The Catcher in the Rye, J.D. Salinger, USA, 1951

The Catcher in the Rye, J.D. Salinger, USA, 1951

When Holden Caulfield quotes Robert Burns as saying “If a body catch a body comin’ through the rye” instead of saying “If a body meet a body coming through the rye”, he is, either consciously or subconsciously, describing his essence and, indeed, the very essence of the novel itself.

He may appear unruly and undisciplined (he has been expelled from a number of schools, and the novel begins with his expulsion from his latest school), but Holden, sixteen years old on paper and way older in his head, is basically decent, even if some readers could find him somewhat irritating. Commenting on the poem with his younger sister, Phoebe, he says that he sees himself catching the children playing in the rye, stopping them from falling off the cliff or coming to harm. Life for Holden is wrapped around the need to help and protect other people, especially his little sister. He is a genuine type of person and he dislikes anything, or anyone, that is fake or false. He does not like the film industry and cannot understand why his older brother (a writer) is wasting his talents there as a film writer.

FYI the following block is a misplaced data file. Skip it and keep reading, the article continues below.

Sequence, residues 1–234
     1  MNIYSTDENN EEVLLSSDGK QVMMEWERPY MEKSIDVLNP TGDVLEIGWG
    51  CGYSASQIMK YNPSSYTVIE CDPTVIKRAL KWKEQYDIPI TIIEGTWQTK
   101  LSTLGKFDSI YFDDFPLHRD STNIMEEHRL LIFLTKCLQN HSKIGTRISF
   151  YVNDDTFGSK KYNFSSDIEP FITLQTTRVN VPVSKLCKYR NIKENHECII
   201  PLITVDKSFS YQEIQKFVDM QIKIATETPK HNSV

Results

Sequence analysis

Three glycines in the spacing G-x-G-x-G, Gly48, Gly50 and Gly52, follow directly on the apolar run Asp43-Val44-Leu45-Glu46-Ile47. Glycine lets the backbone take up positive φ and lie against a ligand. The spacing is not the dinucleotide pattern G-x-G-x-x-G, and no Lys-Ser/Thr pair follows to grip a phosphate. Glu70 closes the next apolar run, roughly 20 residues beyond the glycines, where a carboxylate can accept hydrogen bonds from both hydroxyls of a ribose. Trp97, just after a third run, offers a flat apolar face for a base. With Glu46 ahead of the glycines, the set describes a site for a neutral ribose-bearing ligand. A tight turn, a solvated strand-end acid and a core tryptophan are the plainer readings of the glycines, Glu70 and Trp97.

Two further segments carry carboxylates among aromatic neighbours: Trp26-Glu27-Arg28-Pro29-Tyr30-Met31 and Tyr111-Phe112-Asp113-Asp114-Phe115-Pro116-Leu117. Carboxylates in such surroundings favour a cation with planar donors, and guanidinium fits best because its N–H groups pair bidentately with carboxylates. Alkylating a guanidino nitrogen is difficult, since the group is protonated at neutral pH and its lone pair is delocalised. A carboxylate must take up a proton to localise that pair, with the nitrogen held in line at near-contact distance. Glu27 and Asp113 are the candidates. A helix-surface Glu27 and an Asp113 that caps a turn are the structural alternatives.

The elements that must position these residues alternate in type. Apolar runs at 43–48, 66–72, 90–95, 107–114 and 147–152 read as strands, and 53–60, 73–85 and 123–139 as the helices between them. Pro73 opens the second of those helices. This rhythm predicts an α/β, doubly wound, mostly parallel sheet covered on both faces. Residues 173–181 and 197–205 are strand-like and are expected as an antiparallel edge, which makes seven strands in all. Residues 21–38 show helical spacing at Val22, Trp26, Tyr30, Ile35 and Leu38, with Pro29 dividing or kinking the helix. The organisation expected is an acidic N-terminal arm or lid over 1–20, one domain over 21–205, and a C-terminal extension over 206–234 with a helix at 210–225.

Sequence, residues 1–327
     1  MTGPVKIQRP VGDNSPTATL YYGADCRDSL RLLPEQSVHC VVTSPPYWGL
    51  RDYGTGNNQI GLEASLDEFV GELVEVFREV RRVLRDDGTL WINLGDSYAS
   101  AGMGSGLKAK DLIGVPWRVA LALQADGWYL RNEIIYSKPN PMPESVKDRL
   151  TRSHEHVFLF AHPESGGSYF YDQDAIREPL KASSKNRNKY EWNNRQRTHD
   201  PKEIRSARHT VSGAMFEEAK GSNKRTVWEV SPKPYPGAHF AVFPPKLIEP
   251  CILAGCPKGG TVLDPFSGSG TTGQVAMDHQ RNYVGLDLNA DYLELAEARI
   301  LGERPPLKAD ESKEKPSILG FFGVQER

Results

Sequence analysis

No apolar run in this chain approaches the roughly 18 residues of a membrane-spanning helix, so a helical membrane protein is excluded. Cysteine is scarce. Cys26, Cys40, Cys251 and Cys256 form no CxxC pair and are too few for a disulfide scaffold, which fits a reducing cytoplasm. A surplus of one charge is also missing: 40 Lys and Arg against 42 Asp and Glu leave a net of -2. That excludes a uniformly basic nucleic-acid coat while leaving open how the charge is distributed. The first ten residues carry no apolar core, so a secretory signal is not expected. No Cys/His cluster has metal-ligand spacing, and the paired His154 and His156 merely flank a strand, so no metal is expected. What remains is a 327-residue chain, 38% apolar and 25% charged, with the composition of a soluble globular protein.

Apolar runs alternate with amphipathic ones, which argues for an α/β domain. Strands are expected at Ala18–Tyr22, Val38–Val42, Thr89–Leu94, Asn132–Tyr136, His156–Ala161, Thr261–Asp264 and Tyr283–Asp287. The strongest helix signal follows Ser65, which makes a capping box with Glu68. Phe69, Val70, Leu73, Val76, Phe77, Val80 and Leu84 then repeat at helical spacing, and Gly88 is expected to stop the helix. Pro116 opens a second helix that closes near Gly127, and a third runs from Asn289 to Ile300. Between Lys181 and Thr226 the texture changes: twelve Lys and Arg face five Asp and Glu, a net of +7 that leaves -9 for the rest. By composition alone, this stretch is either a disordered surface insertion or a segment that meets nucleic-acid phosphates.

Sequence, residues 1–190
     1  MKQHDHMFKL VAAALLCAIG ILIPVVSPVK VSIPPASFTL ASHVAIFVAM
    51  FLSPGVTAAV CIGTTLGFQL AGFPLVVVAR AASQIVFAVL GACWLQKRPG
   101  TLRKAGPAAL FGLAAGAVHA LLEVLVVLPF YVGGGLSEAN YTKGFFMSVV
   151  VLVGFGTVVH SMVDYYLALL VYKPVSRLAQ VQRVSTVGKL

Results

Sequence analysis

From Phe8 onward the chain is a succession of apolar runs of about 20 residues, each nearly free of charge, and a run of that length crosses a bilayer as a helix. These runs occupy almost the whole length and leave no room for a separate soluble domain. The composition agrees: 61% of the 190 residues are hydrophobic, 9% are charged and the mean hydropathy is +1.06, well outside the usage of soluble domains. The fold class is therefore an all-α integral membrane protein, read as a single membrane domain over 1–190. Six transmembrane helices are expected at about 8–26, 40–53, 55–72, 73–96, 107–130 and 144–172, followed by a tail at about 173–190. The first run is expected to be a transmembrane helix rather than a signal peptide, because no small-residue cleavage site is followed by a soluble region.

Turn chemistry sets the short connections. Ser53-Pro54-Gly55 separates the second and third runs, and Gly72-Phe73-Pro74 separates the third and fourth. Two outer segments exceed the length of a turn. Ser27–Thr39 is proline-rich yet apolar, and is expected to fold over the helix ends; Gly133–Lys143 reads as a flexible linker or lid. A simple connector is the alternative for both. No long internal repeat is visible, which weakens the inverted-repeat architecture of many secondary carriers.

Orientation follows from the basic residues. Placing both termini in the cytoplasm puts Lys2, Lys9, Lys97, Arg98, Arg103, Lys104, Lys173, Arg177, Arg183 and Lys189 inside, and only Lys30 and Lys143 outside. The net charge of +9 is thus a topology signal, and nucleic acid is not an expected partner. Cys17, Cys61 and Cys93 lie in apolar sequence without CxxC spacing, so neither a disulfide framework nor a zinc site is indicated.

The novel, in the first person, spans the space of two days as Holden talks about his escape from his latest school and his journey back to New York. It becomes apparent that he is juggling his life between the expectations of extremely strict and anxiety-prone parents and the love he feels for his siblings (one of them deceased). While Holden recounts his story, the reader is placed somewhere in Holden’s head, regarding the world through his eyes while being swept up in the language of a sixteen-year-old, a language that, in spite of many vulgarities, has a depth of understanding and feeling far beyond what one would expect from a teenager.

J.D.Salinger (The Independent, UK)

Finally, Holden remarks that he has told his story so many times that he no longer knows what to think about it. All he knows is that he misses all the people he has mentioned: “Don’t ever tell anybody anything’, he says at the end. ‘If you do, you start missing everybody.’

For many, this beautiful, heart-wrenching, honest story is relegated to a box labelled ‘coming-of-age’, but I feel that it is ever so much more. The protagonist may be sixteen years old, but the message of the book – the part other people play in our lives and our happiness – and the intelligent way in which Salinger imparts this message place the book on a completely different level and definitely in a completely different box.

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